Three Mistakes To Avoid When Selling Your Business
Cashing Out: So, you’ve decided to sell your business…
You have spent the last few months, years, or decades of your life building your business. You’ve poured your time, effort, and a lot of yourself into making the business a success. Now, you’re ready to cash out, to get paid, and to move on to the next chapter of your life.
If this sounds like you, read on, because this article is all about how to avoid foreseeable risks and problems when selling your business. Keep in mind that there are far more issues to consider than just the three I discuss in this article. You almost certainly need a lawyer (and probably some other professionals) to help you sell your business, if you want to sell it the right way.
Trying to sell a business, yourself, to save a few bucks in the short term can cost you money in the long run. Nothing worth having comes without a cost. Focus on the long-term value you’ll receive when using professionals to help you reach your goals. In the end, the benefits you receive, more than likely, will be worth the cost.
Mistake #1: Selling equity, when you should sell assets, or vice versa.
When you sell a business–especially a small business–you need to ask yourself whether you’re going to sell the equity in the business (not relevant for Sole Proprietorships), or whether you’re going to sell the assets of the business. For purposes of our discussion, here, keep in mind, in both cases, we’re talking about either the majority or substantially all of the equity or assets, not just some of them.
If you have a Partnership, you need to refer to your Partnership Agreement. What does it say about who has the right to sell a Partnership Interest in the partnership, who has to approve such transfers, and what other conditions have to be met? What does the Partnership Agreement say about who has the right to sell (substantially all of the) partnership assets?
If you have an LLC, you need to refer to your Operating Agreement. What does it say about who has the right to sell a Membership Interest in the company, who has to approve such transfers, and what other conditions have to be met? What does the Operating Agreement say about who has the right to sell (substantially all of the) company’s assets?
If you have a Corporation, you need to refer to your Charter & Bylaws. What do they say about who has the right to sell shares of stock in the company, who has to approve such transfers, and what other conditions have to be met? What do the Charter & Bylaws say about who has the right to sell (substantially all of the) company’s assets?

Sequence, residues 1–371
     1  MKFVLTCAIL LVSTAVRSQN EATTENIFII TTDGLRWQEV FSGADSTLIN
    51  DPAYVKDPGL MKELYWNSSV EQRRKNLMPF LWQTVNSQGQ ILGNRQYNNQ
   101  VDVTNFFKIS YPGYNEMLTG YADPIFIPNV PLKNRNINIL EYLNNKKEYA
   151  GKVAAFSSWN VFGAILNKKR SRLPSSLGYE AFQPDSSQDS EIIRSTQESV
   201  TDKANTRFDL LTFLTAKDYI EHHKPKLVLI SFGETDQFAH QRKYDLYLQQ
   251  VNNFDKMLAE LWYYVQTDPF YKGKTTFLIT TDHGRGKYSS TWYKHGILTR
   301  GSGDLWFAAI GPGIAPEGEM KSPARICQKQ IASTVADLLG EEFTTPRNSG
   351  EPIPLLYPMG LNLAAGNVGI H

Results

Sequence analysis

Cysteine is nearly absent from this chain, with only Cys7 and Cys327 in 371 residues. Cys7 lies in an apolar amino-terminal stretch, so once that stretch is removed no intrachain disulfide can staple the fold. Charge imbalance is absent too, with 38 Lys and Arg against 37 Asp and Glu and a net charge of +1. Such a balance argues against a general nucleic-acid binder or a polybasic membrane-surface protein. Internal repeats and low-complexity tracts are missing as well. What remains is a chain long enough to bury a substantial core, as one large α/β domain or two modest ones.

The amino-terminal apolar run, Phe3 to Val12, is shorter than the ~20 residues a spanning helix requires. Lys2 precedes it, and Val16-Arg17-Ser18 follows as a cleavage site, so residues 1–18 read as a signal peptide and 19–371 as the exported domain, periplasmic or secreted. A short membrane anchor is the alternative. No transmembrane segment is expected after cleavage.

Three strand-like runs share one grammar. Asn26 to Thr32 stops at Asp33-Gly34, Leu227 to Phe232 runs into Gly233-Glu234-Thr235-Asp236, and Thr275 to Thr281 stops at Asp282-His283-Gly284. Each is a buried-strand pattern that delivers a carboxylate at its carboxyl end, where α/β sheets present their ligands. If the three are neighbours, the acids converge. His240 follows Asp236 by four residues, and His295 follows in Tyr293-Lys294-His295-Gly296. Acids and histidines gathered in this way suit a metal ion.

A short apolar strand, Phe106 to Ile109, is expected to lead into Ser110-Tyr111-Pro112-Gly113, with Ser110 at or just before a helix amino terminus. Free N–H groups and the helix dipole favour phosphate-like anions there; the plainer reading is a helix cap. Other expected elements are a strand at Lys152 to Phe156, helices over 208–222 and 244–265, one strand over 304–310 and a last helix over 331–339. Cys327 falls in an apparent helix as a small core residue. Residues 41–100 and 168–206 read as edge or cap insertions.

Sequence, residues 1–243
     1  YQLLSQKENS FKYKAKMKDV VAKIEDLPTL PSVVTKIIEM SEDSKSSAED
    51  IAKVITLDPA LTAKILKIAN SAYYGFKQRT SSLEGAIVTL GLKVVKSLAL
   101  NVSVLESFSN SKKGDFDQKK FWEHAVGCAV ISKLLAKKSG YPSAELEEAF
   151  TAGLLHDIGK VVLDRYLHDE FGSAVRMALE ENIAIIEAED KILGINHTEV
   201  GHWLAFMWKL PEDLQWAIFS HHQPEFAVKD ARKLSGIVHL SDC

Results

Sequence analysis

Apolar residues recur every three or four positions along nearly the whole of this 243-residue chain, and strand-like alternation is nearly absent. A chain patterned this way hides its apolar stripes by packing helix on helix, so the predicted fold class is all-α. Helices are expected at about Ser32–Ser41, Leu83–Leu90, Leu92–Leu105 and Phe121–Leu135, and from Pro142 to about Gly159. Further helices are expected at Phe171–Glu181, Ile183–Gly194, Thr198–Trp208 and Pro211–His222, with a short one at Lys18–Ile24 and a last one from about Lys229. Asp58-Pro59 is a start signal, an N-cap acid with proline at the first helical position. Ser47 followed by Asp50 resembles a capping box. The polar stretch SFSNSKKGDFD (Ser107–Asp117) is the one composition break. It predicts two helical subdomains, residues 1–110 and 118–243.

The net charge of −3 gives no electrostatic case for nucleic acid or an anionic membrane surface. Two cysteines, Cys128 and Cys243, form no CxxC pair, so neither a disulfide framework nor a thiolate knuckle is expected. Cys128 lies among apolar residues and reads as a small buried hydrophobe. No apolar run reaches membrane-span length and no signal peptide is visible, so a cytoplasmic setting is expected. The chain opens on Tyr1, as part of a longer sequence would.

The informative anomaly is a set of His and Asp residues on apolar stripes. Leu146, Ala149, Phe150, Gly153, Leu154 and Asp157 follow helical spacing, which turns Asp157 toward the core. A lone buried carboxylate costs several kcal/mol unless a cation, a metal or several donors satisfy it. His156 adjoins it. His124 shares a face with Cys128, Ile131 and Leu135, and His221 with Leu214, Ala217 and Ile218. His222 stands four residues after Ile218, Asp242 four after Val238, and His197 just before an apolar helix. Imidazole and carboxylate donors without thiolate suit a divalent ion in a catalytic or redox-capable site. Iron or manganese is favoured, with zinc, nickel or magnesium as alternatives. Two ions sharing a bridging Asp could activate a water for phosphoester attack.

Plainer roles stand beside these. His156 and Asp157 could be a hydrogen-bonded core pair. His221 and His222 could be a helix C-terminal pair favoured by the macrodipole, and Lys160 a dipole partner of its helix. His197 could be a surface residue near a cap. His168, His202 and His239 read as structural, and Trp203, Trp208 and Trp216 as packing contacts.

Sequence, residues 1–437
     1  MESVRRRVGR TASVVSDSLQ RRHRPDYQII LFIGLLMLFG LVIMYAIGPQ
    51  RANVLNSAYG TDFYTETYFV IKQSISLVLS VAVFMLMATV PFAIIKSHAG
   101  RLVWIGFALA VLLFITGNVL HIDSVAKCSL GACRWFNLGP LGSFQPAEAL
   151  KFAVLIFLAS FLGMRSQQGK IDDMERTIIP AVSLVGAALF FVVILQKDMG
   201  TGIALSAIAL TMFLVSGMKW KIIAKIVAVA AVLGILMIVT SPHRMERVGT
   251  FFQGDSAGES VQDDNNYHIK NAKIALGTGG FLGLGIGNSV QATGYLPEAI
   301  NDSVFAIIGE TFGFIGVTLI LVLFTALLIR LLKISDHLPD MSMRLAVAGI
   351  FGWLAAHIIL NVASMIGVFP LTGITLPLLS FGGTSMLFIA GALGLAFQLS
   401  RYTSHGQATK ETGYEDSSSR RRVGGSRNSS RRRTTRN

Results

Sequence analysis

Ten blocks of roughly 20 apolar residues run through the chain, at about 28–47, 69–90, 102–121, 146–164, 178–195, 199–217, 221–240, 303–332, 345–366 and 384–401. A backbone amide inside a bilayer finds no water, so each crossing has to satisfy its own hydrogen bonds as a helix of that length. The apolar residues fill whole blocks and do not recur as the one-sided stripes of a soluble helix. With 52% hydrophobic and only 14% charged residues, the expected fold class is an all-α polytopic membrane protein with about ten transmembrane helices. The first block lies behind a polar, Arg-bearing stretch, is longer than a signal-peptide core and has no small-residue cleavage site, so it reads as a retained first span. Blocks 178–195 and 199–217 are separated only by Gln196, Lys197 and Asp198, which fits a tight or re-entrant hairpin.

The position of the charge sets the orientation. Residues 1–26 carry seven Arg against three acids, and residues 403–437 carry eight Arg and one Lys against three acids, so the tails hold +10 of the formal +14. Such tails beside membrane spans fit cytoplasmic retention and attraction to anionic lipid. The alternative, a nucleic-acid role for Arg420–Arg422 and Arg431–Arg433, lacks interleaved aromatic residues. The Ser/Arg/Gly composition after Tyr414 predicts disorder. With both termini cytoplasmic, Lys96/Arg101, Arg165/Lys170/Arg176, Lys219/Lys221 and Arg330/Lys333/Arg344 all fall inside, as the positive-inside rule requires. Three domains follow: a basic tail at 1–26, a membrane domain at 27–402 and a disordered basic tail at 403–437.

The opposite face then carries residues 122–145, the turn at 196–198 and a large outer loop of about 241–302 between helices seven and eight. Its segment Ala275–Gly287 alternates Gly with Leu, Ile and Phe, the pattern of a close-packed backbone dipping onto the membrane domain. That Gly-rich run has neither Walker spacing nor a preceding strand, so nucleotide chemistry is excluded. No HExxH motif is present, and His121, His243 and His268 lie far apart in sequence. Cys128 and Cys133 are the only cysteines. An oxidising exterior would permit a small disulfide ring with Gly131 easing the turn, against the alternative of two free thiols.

Remember, whenever you are selling a Partnership Interest in an LLP, a Membership Interest in an LLC, or shares of stock in a Corporation, you are almost always selling securities. (A notable exception to the previous statement is an LLC that is member-managed.) When you sell securities, you have to comply with securities regulations at both the federal and state levels! This can be very, very expensive. Often, it makes sense to use a business broker or a securities broker to sell some or all of the Membership Interests or shares of stock in your company.
If you want to avoid dealing with securities laws and regulations, consider selling only the assets of the business. Then, properly dissolve the hollowed-out business entity; don’t just let it go into a state of Administrative Dissolution (i.e., become a zombie company). An asset sale has other benefits, too, which is actually a great segue to our next mistake to avoid.
Mistake #2: Unintentionally transferring a business’s liabilities to the buyer.
Sometimes, a buyer will assume (accept) the liabilities (debts, responsibilities, and other obligations) of the business, when they buy it. This most commonly happens when a business goes through an equity sale. There are some ways to limit the transfer of liabilities in an equity sale, but they usually involve work for the business’s General Counsel attorney(s) before a sale is contemplated.